Skip to main content
favourite room

Why interior decorator Emilia Wisniewski is obsessed with wallpaper

The Studio 1 NINE 1 proprietor 's dining room is her personal, whimsical design lab

Emilia Wisniewski poses for a photo in her dining room in Toronto on Jan. 9, 2018.

For interior decorator and Studio 1 NINE 1 proprietor Emilia Wisniewski, the semi-detached, 110-year-old home, that she shares with her husband, young son and Labrador, in Toronto's hip Junction neighbourhood, is a space for trying out her latest design obsessions. Right now, that's wallpaper.

Totem Vase, $49 at West Elm (westelm.ca).

"I feel like I could wallpaper every single wall in my house," Wisniewski says. For now, she's settled for papering the dining room, vestibule, upstairs hall, bedroom and mudroom. The dramatic clouds that roil above the dining room's original wainscoting, recently painted creamy white, are part of the Fornasetti Murals collection, purchased from Cole & Son.

"I think wallpaper is so transformational," Wisniewski says. And though it can get pricey, she reasons it's more cost effective than filling the same space with artwork – and it achieves a similar effect. She's so enamoured of the stuff that she's exploring creating a wallpaper and textile line to supplement her design and consulting services. "For me, it's the next natural step to evolve the business. Also, it allows me to be that much more creative, too."

Story continues below advertisement

Fornasetti Murals Nuvolette Wallpaper, bespoke service pricing upon request at Cole & Son ( cole-and-son.com).

Wisniewski and her husband moved into the 1,400-square-foot space eight years ago, bringing their previous condo's furniture with them. The dining room has since had a couple of "cosmetic" overhauls, with the latest completed in the fall of last year. A glass-top dining table and upholstered chairs were replaced with an Eero Saarinen-style tulip table and seating modelled after Hans Wegner's classic Wishbone chair.

Rove Classics Wishbone chair, $266 at Rove Concepts ( roveconcepts.com).

"I chose the round table because it promotes a sense of flow in the room, versus getting a square or rectangular dining table," Wisniewski says. "I think for small spaces going round or oval is key." The sculptural seating brings a light, airy quality to the room, which is cast in a neutral palette of white, greys and blacks. Tabletop decor from West Elm and a Pencil Cactus (which, according to Wisniewski has grown "totally gangbusters") cut striking silhouettes in the window. The items are perched on a credenza refinished with matte black vinyl from PANYL – an inexpensive, DIY upgrade to a 10-year-old, still functional IKEA piece.

Nelson Crisscross Saucer pendant lamp (medium), $490 at Design Within Reach ( dwr.com).

Speaking of function, this room, according to Wisniewski, has many. "We have dinner as a family there every night. It's also used as an office. My son will spread out his Legos on the floor. The dog will be circling the table looking for scraps," she says. She paints a picture of a space well used, unlike bygone dining rooms that belonged to our parents and grandparents. "Nobody ever ate in there – that was the fancy room. Whereas, living in a small space, you really have to use every single square inch of what you have available."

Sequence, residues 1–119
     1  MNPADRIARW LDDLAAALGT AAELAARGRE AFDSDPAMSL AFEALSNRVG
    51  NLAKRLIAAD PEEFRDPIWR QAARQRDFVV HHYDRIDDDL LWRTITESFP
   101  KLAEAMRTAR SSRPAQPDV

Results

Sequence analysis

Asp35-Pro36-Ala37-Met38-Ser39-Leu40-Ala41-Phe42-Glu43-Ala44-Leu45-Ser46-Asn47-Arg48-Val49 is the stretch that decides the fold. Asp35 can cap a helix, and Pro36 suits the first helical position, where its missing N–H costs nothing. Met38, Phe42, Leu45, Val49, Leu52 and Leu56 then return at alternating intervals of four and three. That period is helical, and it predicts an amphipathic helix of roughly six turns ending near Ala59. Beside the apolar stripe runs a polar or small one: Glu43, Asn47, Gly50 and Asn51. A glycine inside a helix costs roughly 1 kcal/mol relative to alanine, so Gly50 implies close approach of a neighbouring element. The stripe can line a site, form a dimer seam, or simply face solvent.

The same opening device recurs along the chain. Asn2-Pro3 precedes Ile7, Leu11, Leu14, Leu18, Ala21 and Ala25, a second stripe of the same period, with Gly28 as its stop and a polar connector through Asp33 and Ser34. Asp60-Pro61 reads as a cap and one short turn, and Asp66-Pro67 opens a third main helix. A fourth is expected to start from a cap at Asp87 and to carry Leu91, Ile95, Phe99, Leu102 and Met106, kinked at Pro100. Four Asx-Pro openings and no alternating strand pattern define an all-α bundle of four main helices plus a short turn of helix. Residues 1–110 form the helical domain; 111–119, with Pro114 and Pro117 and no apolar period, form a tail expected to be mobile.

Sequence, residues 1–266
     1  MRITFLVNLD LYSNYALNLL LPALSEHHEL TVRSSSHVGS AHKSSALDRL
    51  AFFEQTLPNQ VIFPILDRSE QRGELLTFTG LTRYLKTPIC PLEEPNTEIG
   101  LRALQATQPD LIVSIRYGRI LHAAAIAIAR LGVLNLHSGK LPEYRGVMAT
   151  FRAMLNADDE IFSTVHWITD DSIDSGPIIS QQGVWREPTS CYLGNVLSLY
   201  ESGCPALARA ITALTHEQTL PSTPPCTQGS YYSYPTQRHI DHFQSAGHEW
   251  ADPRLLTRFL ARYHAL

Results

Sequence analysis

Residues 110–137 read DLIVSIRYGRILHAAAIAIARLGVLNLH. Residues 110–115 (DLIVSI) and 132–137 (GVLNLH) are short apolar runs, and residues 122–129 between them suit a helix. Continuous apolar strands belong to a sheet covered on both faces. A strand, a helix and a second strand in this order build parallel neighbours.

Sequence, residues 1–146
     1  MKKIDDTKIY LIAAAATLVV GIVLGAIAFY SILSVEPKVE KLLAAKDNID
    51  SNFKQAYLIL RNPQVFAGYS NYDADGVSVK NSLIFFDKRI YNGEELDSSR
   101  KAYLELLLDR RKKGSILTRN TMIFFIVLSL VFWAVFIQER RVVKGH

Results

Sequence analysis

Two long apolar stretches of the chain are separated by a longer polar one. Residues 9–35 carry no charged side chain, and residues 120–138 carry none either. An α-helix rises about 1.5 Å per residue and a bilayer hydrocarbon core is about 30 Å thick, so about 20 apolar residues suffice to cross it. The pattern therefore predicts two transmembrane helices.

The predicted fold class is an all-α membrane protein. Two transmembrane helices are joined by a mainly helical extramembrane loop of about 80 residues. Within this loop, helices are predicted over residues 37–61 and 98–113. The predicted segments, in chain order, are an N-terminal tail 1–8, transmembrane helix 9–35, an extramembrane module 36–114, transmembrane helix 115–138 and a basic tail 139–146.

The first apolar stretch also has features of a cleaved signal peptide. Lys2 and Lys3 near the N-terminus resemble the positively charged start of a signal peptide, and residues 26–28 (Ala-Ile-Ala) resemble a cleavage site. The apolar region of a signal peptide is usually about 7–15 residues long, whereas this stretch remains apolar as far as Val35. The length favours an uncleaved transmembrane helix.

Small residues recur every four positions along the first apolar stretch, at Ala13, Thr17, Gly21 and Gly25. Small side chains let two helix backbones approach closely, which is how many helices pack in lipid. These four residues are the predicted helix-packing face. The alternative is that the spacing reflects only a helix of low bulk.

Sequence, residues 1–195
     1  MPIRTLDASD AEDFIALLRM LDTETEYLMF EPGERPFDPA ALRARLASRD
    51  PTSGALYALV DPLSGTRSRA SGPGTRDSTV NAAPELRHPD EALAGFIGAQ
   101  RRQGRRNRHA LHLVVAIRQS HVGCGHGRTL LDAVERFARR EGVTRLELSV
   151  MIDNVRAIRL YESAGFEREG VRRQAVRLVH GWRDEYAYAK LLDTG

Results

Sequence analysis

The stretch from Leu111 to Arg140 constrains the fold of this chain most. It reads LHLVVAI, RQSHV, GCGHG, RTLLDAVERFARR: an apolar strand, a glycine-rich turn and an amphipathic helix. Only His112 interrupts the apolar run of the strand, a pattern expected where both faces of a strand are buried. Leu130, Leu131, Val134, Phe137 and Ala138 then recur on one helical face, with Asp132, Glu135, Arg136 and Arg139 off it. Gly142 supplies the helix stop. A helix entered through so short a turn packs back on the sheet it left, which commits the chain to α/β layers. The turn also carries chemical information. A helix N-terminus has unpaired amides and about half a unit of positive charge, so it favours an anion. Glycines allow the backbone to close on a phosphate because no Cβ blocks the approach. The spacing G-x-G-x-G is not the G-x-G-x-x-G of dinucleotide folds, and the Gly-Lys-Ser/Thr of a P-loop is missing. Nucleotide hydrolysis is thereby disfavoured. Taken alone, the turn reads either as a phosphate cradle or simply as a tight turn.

But Wisniewski proves functionality can co-exist with whimsy. The pixie-ish decorator has got the latter in spades. "I have two obsessions," she says. There's the wallpaper, but also the Fornasetti Tema e Variazioni plates that hang atop it, featuring Italian opera singer Lina Cavalieri as a recurring, playfully altered motif.

Fornasetti Theme & Variations Plates Series No. 130 and No. 286, $225 each at Studio Pazo ( studiopazo.ca).

"Those are my newest addition. I've wanted them for years and they are a bit of an investment. I mean, it's a plate," she says, faking incredulity. "However, I just love everything about Fornasetti."

That freedom to explore what she loves is the designer's dream. "I have… not carte blanche, but sort of carte blanche to use the house as a creative outlet – sort of like a lab, because I'm always testing stuff out," Wisniewski says. Whether that's getting new pillow covers, swapping out area rugs or building beloved collections, she's constantly at it. "I never think anything is done."


Visit tgam.ca/newsletters to sign up for the Globe Style e-newsletter, your weekly digital guide to the players and trends influencing fashion, design and entertaining, plus shopping tips and inspiration for living well. And follow Globe Style on Instagram @globestyle.

Report an error Editorial code of conduct
Comments are closed

We have closed comments on this story for legal reasons or for abuse. For more information on our commenting policies and how our community-based moderation works, please read our Community Guidelines and our Terms and Conditions.

Due to technical reasons, we have temporarily removed commenting from our articles. We hope to have this fixed soon. Thank you for your patience. If you are looking to give feedback on our new site, please send it along to feedback@globeandmail.com. If you want to write a letter to the editor, please forward to letters@globeandmail.com.